Each Concentrate revision guide is packed with essential information, key cases, revision tips, exam Q&As, and more. Concentrates show you what to expect in a law exam, what examiners are looking for, and how to achieve extra marks. This chapter focuses on the duty of the seller to deliver the goods, and the duty of the buyer to accept them and to pay the price. It first explains the meanings of delivery, acceptance, and payment as well as the provision in the Sale of Goods Act 1979 in respect of these matters, and then considers the distinction between consumer and business buyers and cases where the wrong quantity of goods has been delivered. The chapter also discusses delivery by instalments, delivery to a carrier, and the right of the buyer not to return rejected goods.

Chapter

Each Concentrate revision guide is packed with essential information, key cases, revision tips, exam Q&As, and more. Concentrates show you what to expect in a law exam, what examiners are looking for, and how to achieve extra marks. This chapter focuses on the duty of the seller to deliver the goods and the duty of the buyer to accept them and to pay the price. It first explains the meanings of delivery, acceptance, and payment as well as the provision in the Sale of Goods Act 1979 in respect of these matters, and then considers the distinction between consumer and business buyers and cases where the wrong quantity of goods has been delivered. The chapter also discusses delivery by instalments, delivery to a carrier, and the right of the buyer not to return rejected goods.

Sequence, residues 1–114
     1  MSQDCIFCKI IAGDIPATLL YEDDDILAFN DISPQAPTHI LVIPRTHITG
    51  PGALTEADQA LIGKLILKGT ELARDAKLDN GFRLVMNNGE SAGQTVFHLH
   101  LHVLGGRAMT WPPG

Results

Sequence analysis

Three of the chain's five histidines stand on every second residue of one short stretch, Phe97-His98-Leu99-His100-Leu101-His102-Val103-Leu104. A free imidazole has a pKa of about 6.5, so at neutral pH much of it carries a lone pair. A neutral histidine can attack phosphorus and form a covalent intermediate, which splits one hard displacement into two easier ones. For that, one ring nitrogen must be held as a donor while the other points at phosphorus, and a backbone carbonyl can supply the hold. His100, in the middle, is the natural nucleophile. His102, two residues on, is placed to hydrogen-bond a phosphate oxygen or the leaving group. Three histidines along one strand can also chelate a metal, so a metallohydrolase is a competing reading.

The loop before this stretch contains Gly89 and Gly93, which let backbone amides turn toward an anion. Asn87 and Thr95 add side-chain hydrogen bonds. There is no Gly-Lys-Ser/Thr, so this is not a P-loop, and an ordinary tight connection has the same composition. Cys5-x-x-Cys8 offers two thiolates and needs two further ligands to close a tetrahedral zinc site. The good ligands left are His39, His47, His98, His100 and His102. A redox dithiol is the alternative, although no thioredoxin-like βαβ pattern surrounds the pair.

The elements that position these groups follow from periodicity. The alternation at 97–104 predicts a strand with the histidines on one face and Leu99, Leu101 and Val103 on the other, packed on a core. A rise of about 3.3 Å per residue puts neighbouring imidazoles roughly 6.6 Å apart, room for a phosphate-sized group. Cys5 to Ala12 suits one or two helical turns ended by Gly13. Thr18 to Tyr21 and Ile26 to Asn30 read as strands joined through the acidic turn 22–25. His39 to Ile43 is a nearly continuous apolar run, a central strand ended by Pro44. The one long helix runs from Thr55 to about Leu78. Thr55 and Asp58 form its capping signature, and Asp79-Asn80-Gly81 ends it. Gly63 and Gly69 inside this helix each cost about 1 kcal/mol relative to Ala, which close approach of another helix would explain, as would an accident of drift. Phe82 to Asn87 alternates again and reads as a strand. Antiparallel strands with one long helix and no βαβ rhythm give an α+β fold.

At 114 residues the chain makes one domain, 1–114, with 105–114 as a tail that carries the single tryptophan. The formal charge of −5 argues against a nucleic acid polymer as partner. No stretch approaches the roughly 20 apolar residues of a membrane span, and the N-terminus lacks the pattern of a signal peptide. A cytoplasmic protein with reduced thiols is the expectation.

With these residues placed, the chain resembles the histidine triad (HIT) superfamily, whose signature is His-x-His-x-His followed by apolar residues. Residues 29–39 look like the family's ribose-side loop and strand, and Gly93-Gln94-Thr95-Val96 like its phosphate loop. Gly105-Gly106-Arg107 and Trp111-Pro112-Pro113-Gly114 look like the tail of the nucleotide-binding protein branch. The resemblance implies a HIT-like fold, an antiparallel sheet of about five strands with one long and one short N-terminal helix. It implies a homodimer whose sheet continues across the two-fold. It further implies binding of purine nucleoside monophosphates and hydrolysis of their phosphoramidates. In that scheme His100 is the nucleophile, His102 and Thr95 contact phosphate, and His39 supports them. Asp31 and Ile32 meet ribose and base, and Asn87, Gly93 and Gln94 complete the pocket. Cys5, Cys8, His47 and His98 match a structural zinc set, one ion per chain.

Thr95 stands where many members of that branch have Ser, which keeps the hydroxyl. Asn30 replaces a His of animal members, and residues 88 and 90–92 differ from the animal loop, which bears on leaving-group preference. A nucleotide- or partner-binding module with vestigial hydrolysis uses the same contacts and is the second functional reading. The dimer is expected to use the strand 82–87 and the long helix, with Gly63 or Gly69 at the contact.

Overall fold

Chapter

D Fox, RJC Munday, B Soyer, AM Tettenborn, and PG Turner